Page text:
Former County Councillor’s Experience in Bessborough

Former Wexford county councillor Deirdre Wadding gave birth to a son in Bessborough Mother and Baby Home in Cork.  She spoke to Helen Ní Shé about it on An Saol ó Dheas on RTÉ Raidió na Gaeltachta this week.  

Deirdre, from Wexford, was just 18 and in love with a young man, 17, at the time she found out she was pregnant in 1981.  She was studying in Carysfort College in Dublin.  She was taken aback at the severity of her parents’ reaction when she told them. 

“It was awful, I wasn’t expecting what my mother said… the terrible words she used .. prostitute, animal … She was a good woman, and a good, kind mother until then… It’s very hard to think about what she said.” 

“She was afraid my life was over, that I wouldn’t be able to be a teacher, that I wouldn’t be able to marry … she was old-fashioned, older than my friends’ mothers.” 

Deirdre was told to keep everything secret, not even to tell her sister, and she was sent to Bessborough.  She said that she didn’t feel she had any choice.  

 “I did as they said … I think now that I was very naive … it was so difficult, I was ashamed because they were so upset, and so angry, I hadn’t a clue what else I could do only go through with what they had planned.”

“We went there in my father’s car … they brought me up to the big doors and I went in and that was the start  … I wasn’t the same woman anymore.  Our names were changed, I was Ciara now and Deirdre was gone.”  

One of the duties Deirdre had in Bessborugh was to look after the babies in the nursery, something very difficult for the young women.  

 “We worked in the nursery… It was very difficult emotionally, we were giving these babies milk and looking after them, their mothers had left, and we knew that in a few months our babies would be here and other girls would be minding them.” 

The company and support of the other women was very important to her, although Deirdre says that the women never discussed where they were from or what their real names were.  There was an ‘industry of secrecy’.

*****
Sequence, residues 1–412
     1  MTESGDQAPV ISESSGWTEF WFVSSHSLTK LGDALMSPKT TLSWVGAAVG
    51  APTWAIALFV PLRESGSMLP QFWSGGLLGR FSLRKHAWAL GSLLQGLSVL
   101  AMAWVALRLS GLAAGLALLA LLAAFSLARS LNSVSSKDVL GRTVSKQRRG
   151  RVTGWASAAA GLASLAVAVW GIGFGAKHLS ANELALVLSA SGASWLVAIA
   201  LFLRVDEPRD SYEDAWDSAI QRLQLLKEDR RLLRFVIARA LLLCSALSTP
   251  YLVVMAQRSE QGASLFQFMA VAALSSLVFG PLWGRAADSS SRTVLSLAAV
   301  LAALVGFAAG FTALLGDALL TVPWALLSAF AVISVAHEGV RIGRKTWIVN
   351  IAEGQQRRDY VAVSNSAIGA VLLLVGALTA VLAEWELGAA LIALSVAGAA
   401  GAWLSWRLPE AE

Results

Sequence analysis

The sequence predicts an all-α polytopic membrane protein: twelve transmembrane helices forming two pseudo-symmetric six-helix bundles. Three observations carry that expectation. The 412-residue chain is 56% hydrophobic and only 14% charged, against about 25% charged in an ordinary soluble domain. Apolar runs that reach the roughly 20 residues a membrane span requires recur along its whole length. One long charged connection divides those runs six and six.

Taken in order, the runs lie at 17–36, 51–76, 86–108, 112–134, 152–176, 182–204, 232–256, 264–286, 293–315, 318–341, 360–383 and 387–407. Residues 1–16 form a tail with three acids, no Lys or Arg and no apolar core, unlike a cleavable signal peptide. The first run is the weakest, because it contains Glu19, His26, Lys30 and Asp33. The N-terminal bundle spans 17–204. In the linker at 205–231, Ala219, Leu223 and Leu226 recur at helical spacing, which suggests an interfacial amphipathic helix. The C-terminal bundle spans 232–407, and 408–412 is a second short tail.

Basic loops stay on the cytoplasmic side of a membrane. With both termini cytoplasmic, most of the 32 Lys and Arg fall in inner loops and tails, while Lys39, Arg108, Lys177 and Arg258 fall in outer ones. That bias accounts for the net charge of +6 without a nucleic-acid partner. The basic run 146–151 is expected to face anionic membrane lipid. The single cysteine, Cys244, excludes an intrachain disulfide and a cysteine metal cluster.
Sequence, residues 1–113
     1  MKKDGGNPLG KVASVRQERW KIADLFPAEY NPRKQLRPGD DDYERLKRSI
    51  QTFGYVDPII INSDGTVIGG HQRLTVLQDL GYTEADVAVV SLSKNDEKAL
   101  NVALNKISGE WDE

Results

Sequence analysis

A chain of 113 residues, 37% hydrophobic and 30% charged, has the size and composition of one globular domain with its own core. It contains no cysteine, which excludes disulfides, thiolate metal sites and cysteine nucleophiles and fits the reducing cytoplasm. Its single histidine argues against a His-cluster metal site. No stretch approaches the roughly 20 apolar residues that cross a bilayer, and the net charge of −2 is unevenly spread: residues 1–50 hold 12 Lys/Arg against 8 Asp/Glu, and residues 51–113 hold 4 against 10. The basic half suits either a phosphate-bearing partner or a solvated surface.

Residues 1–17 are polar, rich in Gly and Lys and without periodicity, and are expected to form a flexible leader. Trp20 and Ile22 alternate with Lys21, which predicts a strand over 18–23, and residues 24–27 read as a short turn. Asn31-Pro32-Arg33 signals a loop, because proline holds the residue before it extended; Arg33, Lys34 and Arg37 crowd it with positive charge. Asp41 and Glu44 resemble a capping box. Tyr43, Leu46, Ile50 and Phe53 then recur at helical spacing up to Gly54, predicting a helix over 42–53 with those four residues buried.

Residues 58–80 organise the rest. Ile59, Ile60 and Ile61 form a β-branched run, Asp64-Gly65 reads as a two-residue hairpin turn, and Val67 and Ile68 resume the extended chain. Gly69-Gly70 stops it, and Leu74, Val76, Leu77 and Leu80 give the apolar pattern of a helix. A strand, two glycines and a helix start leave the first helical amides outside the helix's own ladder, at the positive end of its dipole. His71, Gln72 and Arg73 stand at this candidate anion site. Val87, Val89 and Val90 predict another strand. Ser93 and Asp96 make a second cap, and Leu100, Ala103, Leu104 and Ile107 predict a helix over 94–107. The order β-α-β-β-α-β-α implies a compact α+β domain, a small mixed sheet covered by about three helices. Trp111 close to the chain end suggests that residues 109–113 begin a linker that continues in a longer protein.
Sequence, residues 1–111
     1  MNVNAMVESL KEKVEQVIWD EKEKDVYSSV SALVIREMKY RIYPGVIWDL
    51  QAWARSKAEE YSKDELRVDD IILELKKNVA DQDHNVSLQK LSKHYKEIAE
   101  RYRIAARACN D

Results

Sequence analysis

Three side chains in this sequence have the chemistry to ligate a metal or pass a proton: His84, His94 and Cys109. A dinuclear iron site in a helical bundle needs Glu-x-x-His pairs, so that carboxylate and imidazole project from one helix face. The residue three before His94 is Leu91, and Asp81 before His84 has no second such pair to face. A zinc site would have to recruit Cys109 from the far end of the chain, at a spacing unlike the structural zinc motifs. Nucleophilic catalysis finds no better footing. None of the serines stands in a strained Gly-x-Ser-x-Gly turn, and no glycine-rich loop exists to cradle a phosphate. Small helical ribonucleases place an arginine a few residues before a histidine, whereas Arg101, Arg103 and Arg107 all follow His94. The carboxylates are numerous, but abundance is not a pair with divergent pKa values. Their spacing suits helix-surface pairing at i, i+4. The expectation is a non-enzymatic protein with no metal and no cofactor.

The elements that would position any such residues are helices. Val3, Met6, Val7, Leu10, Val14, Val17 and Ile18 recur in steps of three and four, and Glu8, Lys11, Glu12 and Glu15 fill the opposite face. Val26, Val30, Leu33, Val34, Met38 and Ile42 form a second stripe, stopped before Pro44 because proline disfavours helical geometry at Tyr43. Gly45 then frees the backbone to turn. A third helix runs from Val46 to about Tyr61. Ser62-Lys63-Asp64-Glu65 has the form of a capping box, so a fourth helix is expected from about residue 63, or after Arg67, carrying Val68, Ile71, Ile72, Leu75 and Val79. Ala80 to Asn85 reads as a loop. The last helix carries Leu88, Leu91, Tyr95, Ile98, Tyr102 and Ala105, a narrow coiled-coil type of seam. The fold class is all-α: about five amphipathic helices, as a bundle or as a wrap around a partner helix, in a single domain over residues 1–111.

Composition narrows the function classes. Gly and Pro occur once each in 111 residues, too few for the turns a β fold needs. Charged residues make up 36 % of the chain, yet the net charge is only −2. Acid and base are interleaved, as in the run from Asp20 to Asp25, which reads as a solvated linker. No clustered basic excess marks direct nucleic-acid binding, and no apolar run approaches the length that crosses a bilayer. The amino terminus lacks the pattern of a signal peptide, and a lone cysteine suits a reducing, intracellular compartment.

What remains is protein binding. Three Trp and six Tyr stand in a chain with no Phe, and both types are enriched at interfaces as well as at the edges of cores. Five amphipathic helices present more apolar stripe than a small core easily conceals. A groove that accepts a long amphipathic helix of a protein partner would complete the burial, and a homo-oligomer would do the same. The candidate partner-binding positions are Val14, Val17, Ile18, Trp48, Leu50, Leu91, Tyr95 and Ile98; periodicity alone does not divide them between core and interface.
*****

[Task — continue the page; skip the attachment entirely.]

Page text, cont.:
Deirdre gave birth to a son, Paul, and she still harboured some hope that her parents might allow her to keep him.  

“They went in to see him. I suppose I still had some hope that when they’d see him that they’d let me keep him, but that didn’t happen.  And that was the first time I saw him, when I was leaving, and I didn’t see him again for 19 years.” 

 “I was crying my heart out, it was so difficult .. .My heart broke at that minute, and it left me heartbroken for the rest of my life.” 

Deirdre returned to college, and never told anyone what had happened.  This had lasting repercussions for her, and caused difficulties in her personal life and relationships.  Deirdre has had two failed marriages, and also had a difficult relationship with her mother.  

“It was very difficult between myself and my mother … There was a lot of love between myself and my father, a lot of conversations years later, particularly after my mother’s death.  I made peace with my mother … I’m sure she thought she was doing the best thing for me.  My father said years later that he didn’t think they’d done the right thing, approached it in the right way, and that was very important for me.”

Deirdre finally managed to contact her son Paul when he was 19 years old, and he was very understanding about what she had suffered and the choices she made.  She is now in regular contact with him.

Deirdre said that she hoped that the report would mark a new start, and that the apology from the State was very important, especially to some of the older survivors who suffered terribly in the mother and baby homes.

Deirdre Wadding was interviewed on An Saol ó Dheas on RTÉ Raidió na Gaeltachta this week. 

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